Ad reg­u­la­tor deter­mines that social media cam­paigns must com­ply with ad requirements

In brief

The Adver­tis­ing Stan­dards Bureau, the adver­tis­ing reg­u­la­tor, has found that the VB Face­book pages are adver­tise­ments and sub­ject to the AANA Code of Ethics. Our Com­mer­cial and IP & Tech­nol­o­gy Team looks at the recent deci­sions of the ABS and how this affects busi­ness­es with any social media pres­ence in Australia.


The Adver­tis­ing Stan­dards Bureau (ASB) is an inde­pen­dent body that is respon­si­ble for deter­min­ing com­plaints made against adver­tis­ers under the indus­try’s self-reg­u­la­to­ry Code of Ethics (admin­is­tered by the Aus­tralian Asso­ci­a­tion of Nation­al Advertisers).

Recent­ly, fol­low­ing a num­ber of com­plaints, the ASB deter­mined that the Face­book pages of VB (Carl­ton Unit­ed Brew­ery) are adver­tise­ments and sub­ject to the Code. VB (CUB) was found to have breached the Code in rela­tion to dis­crim­i­na­tion / vil­i­fi­ca­tion of gen­der and race, sex/​sexuality/​nudity, and inap­pro­pri­ate lan­guage in respect of con­tent that it did not post, but which was post­ed by users of the site, but of which CUB was aware and could con­trol. CUB was liable because it knew of the objec­tion­able con­tent and did not take suf­fi­cient steps to con­trol, mod­er­ate or remove that con­tent from its Face­book page.

The deci­sion makes it clear that any busi­ness’s Face­book page can be con­sid­ered as a mar­ket­ing com­mu­ni­ca­tion tool where the page pro­motes the prod­ucts or ser­vices of the busi­ness. This is because the pages are con­sid­ered to draw the atten­tion of a seg­ment of the pub­lic to a prod­uct or ser­vice in a man­ner cal­cu­lat­ed to pro­mote or oppose direct­ly or indi­rect­ly that prod­uct or ser­vice. Where the busi­ness has a rea­son­able degree of con­trol over the site and the con­tent (includ­ing con­tent post­ed by it and by oth­ers) it has respon­si­bil­i­ty for ensur­ing the con­tent is legal and com­plies with the Code of Ethics.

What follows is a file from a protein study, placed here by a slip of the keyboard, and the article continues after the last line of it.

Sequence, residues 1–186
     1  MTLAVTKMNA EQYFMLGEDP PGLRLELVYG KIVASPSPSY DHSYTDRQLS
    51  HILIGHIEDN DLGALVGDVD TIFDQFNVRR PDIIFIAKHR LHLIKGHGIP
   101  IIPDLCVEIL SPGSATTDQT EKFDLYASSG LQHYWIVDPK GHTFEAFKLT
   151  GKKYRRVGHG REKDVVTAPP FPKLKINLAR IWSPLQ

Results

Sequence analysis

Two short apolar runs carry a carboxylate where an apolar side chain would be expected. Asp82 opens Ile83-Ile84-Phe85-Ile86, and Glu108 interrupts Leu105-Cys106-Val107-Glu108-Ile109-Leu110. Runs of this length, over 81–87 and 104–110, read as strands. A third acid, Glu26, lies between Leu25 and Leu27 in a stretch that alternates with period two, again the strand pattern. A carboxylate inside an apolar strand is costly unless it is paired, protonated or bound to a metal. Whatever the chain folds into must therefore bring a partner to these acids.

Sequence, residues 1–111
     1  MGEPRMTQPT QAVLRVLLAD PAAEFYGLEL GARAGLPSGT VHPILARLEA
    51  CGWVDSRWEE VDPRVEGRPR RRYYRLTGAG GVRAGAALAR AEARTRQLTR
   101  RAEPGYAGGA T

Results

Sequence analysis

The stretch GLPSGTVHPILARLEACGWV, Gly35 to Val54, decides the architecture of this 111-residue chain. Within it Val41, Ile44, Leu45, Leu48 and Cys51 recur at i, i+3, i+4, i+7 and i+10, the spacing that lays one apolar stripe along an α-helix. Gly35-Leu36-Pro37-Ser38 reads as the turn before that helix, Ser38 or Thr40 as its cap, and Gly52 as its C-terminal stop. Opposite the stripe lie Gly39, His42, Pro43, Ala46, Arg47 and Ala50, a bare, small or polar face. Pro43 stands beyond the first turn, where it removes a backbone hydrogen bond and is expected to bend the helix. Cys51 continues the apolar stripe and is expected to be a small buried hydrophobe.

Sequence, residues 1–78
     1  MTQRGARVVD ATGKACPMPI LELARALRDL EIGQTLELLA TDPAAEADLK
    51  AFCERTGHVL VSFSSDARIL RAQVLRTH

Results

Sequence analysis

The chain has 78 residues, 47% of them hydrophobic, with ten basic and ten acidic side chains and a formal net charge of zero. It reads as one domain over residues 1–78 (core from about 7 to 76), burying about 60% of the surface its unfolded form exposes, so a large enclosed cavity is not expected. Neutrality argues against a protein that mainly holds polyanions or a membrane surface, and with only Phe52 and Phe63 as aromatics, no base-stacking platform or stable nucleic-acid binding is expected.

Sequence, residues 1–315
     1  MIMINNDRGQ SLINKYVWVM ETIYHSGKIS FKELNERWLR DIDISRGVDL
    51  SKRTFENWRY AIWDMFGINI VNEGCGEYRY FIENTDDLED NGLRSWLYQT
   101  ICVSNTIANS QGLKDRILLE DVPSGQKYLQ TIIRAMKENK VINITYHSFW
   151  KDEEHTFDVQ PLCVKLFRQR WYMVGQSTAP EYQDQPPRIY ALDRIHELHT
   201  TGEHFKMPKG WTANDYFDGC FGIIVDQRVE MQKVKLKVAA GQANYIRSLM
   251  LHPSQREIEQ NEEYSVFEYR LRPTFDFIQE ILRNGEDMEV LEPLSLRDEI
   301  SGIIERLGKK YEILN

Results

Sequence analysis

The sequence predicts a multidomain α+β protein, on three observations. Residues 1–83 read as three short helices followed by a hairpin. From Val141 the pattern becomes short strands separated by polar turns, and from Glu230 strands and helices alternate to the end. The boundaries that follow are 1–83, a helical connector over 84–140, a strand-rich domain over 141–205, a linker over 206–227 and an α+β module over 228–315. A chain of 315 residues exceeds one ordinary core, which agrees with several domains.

This oblig­a­tion applies irre­spec­tive of whether or not the busi­ness is a mem­ber of the Aus­tralian Asso­ci­a­tion of Nation­al Adver­tis­ers. The Code applies to all adver­tis­ing communications.


This is not the first ASB deci­sion case of its kind. A sim­i­lar com­plaint was made about the Smirnoff Face­book page, how­ev­er this mat­ter was dis­missed as, amongst oth­er things, the peo­ple in the images appear to be con­fi­dent and in con­trol and no images of peo­ple appeared to indi­cate an exces­sive con­sump­tion of alco­hol”. Accord­ing­ly, it was found not to be in breach of the AANA Code of Ethics. What is clear is that the use of social media as a mar­ket­ing tool is com­ing under increas­ing scruti­ny and fur­ther com­plaints are like­ly to be made, and deter­mined by the ASB.

What this means for your business?

Busi­ness­es with a social media pres­ence must close­ly mon­i­tor all com­mu­ni­ca­tions or mes­sages post­ed or dis­played on any social media plat­form to ensure com­pli­ance with the law. Fol­low­ing this deci­sion, all busi­ness­es must also ensure that any mar­ket­ing com­mu­ni­ca­tions that occur through social media (whether cre­at­ed by the busi­ness or users of the site or plat­form) com­ply with the Code of Ethics and the oth­er codes of con­duct that apply to adver­tis­ing and mar­ket­ing mate­r­i­al in Aus­tralia.

If you would like to know more about your oblig­a­tions under these Codes, or how to imple­ment effec­tive mon­i­tor­ing and com­pli­ance pro­grams, please con­tact us.

Co-authored M Hall.